Storytelling: Cliffhangers

Everyone loves a good cliffhanger, right? Or do they? In my experience it depends on a few things, and while they can be effective tools to keep your audience hooked, there’s a time and place for them. Here are three considerations to make when deciding on a cliffhanger for your story, and how you can know whether or not it’s a good fit for your storytelling goals.

1. Consider Your Medium

In this case, medium refers to the type of story you’re telling from a material perspective. Your story may be a novel, or a screenplay, or a piece of flash fiction. All of these mediums are consumed in different ways and so they attract different types of readers.

For example, the difference between a piece of flash fiction and a novel is about 49k words at minimum (the medium definitions vary according to who you ask, but I go more in depth on my concept of word counts in this post). This massive discrepancy means a few things in this particular contrast case:

Flash Fiction

Flash fiction is anything under 1k words, which means that you only have a few minutes of your reader’s attention. This is why flash done right is always intense, it’s cramming an entire story into a very small space. A huge advantage of the medium is that it’s highly likely that your audience will read the entirety of your story. A huge disadvantage is that there’s so little room for the story itself.


Novels are anywhere between 50k words and 100k words, and the sweet spots for word counts vary by genre. An advantage of this medium is that there’s plenty of wiggle room for the story to breathe and grow organically, with lots of room for character development and narrative arcs. A disadvantage is that you have to very carefully structure your story so that your readers stay engaged for a long period of time.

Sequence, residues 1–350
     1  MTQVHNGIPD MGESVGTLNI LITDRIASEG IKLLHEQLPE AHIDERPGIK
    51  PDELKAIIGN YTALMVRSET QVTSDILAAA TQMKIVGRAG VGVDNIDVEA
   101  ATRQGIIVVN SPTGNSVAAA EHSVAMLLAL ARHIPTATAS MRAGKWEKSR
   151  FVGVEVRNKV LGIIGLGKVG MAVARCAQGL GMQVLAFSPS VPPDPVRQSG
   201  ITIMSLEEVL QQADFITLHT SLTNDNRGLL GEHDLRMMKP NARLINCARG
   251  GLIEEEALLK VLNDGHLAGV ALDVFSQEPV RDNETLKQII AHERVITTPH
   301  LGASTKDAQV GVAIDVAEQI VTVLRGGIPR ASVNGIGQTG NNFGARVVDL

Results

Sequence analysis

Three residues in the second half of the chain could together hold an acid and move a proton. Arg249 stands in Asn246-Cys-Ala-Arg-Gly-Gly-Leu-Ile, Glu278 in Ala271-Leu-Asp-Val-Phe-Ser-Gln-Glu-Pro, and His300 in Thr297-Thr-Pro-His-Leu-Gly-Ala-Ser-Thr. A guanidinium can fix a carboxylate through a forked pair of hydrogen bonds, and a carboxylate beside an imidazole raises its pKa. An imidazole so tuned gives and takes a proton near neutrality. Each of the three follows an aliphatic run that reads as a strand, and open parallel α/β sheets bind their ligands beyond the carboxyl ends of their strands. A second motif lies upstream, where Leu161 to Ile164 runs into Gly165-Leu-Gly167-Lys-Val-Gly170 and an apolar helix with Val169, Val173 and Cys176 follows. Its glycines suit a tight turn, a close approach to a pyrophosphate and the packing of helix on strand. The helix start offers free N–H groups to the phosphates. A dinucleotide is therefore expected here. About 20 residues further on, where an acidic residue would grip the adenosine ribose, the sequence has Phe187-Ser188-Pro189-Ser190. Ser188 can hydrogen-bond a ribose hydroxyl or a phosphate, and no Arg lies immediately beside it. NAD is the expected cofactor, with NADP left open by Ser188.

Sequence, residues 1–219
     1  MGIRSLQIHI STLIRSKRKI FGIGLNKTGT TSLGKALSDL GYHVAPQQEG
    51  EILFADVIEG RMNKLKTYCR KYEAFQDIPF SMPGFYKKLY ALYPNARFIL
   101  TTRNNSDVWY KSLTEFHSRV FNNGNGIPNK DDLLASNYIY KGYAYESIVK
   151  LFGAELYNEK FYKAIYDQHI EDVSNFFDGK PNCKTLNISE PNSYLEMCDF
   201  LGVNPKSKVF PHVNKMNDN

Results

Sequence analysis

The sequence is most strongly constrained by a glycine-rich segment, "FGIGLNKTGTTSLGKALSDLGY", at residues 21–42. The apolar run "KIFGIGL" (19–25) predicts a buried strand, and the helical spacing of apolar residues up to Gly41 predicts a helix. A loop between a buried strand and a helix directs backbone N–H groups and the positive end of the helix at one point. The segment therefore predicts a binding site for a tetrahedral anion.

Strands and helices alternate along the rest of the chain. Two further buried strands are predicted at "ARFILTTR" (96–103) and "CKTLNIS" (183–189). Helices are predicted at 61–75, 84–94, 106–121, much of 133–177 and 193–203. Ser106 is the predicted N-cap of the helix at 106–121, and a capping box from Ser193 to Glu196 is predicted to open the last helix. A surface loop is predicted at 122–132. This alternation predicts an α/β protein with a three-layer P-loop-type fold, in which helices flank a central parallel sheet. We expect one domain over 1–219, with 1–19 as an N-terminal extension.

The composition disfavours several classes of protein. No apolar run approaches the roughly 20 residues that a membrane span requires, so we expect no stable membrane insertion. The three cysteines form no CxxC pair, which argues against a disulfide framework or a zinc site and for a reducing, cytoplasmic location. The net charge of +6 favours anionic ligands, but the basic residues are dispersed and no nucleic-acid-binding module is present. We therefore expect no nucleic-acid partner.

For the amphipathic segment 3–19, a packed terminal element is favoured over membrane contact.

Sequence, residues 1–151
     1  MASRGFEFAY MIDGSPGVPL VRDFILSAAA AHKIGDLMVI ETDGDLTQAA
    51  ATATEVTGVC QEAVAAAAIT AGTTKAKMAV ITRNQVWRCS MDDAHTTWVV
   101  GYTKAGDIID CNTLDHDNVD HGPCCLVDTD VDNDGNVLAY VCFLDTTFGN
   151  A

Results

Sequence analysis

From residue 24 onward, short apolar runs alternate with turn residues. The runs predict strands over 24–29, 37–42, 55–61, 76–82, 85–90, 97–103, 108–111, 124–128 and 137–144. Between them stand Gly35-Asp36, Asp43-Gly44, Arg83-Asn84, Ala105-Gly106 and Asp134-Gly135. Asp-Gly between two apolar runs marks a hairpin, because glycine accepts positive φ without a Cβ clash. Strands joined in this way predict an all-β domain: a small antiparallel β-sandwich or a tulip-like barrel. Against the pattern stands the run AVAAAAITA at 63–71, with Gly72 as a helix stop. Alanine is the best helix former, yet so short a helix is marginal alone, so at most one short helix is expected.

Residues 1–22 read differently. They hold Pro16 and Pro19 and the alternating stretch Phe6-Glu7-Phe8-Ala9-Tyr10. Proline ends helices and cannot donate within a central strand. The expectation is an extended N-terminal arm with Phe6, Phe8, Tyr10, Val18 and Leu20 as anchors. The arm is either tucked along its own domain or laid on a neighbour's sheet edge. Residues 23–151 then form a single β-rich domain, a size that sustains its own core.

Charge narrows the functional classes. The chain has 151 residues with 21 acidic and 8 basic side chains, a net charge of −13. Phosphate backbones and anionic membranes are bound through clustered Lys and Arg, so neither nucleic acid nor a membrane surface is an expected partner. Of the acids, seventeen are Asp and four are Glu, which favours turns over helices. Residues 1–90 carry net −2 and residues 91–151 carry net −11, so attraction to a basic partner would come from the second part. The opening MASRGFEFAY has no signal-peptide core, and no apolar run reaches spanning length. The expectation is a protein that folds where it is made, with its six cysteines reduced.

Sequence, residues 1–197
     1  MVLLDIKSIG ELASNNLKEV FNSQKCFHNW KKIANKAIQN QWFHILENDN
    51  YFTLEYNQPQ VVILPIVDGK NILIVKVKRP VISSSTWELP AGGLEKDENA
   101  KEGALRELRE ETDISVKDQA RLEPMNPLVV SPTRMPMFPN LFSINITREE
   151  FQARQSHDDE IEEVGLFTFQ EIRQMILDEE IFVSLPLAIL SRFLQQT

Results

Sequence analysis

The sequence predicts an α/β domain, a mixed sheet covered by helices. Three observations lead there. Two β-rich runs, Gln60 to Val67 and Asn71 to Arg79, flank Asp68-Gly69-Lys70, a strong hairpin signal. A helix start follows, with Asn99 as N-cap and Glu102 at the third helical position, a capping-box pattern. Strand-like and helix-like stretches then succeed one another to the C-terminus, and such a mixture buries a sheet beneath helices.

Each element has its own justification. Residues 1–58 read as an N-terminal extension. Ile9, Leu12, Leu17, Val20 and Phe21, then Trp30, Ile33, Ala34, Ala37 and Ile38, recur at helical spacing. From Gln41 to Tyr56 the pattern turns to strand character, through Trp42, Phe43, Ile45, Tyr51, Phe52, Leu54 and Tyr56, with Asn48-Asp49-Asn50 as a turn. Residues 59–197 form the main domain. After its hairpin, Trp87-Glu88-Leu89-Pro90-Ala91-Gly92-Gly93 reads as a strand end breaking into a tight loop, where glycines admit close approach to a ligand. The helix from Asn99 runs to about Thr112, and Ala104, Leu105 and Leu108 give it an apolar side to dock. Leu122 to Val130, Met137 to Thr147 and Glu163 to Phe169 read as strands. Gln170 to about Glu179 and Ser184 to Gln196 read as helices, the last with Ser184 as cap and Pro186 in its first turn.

So what does this mean for cliffhangers?

I picked a high contrast example for this question, and the short answer is that novels (and longer forms in general) are better equipped for cliffhangers because there’s room to set up the cliff from which your readers will hang. In my opinion, flash fiction as a medium is exclusively comprised of cliffhangers. Pieces of flash fiction are snapshots into a universe where your reader stays just long enough to get an impression that they can carry with them.

A final medium consideration to make is whether or not you want to work within a series. This is the classic use of cliffhangers so that the audience will come back for subsequent books. But the reason why cliffhangers in series work is because each book has some kind of satisfying resolution, whether there’s a cliffhanger or not. “Satisfying” can mean different things depending on your reader, which brings us to the second consideration.

2. Consider Your Genre

Different genres attract different audiences, and every reader approaches your work with certain expectations. For example, there’s a reason why the phrase “happily ever after” is associated with the romance genre: it’s a reader expectation that there will be full-circle resolution during the story that they can carry with them after closing the book. There’s also the popular “happy for now” ending, which is a form of cliffhanger and almost always sets up a second story.